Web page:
${\displaystyle a\triangleleft (b\triangleright a)=b,}$

and

${\displaystyle (a\triangleleft b)\triangleright a=b.}$

Using this idea, a rack may be equivalently defined as a set ${\displaystyle \mathrm {R} }$ with two binary operations ${\displaystyle \triangleleft }$ and ${\displaystyle \triangleright }$ such that for all ${\displaystyle a,b,c\in \mathrm {R} {\text{:}}}$

1. ${\displaystyle a\triangleleft (b\triangleleft c)=(a\triangleleft b)\triangleleft (a\triangleleft c)}$ (left self-distributive law)
2. ${\displaystyle (c\triangleright b)\triangleright a=(c\triangleright a)\triangleright (b\triangleright a)}$ (right self-distributive law)
3. ${\displaystyle (a\triangleleft b)\triangleright a=b}$
4. ${\displaystyle a\triangleleft (b\triangleright a)=b}$

It is convenient to say that the element ${\displaystyle a\in \mathrm {R} }$ is acting from the left in the expression ${\displaystyle a\triangleleft b,}$ and acting from the right in the expression ${\displaystyle b\triangleright a.}$ The third and fourth rack axioms then say that these left and right actions are inverses of each other. Using this, we can eliminate either one of these actions from the definition of rack. If we eliminate the right action and keep the left one, we obtain the terse definition given initially.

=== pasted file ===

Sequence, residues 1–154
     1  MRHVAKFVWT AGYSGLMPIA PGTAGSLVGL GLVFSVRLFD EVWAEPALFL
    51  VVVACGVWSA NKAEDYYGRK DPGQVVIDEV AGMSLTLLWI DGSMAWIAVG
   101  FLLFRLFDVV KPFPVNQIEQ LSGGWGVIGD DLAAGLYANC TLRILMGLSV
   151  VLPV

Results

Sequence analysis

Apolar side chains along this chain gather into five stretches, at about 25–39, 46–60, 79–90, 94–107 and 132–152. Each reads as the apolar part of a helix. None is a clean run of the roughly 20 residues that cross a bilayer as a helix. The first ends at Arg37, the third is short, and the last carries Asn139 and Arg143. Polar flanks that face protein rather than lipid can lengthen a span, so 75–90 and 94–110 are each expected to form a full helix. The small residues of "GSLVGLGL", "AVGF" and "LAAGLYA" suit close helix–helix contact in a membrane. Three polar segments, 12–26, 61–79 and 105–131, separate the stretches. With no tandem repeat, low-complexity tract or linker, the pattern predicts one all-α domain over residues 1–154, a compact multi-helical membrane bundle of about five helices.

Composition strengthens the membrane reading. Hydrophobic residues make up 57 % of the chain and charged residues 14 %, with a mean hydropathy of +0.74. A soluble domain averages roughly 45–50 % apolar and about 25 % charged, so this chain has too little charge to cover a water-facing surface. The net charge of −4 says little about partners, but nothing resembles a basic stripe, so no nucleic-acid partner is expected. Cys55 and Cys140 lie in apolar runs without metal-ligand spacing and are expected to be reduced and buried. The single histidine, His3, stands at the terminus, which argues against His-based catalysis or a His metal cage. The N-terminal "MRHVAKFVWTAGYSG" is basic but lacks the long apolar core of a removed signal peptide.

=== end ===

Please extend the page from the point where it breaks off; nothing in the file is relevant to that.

Many different conventions are used in the literature on racks and quandles. For example, many authors prefer to work with just the right action. Furthermore, the use of the symbols ${\displaystyle \triangleleft }$ and ${\displaystyle \triangleright }$ is by no means universal: many authors use exponential notation

${\displaystyle a\triangleleft b={}^{a}b}$

and

${\displaystyle b\triangleright a=b^{a},}$

while many others write

${\displaystyle b\triangleright a=b\star a.}$

Yet another equivalent definition of a rack is that it is a set where each element acts on the left and right as automorphisms of the rack, with the left action being the inverse of the right one. In this definition, the fact that each element acts as automorphisms encodes the left and right self-distributivity laws, and also these laws:

{\displaystyle {\begin{aligned}a\triangleleft (b\triangleright c)&=(a\triangleleft b)\triangleright (a\ \triangleleft c)\\(c\triangleleft b)\triangleright a&=(c\triangleright a)\triangleleft (b\triangleright a)\end{aligned}}}

which are consequences of the definition(s) given earlier.

## Quandles

A quandle is defined as a rack, ${\displaystyle \mathrm {Q} ,}$ such that for all ${\displaystyle a\in \mathrm {Q} }$

${\displaystyle a\triangleleft a=a,}$

or equivalently

${\displaystyle a\triangleright a=a.}$

## Examples and applications

Every group gives a quandle where the operations come from conjugation: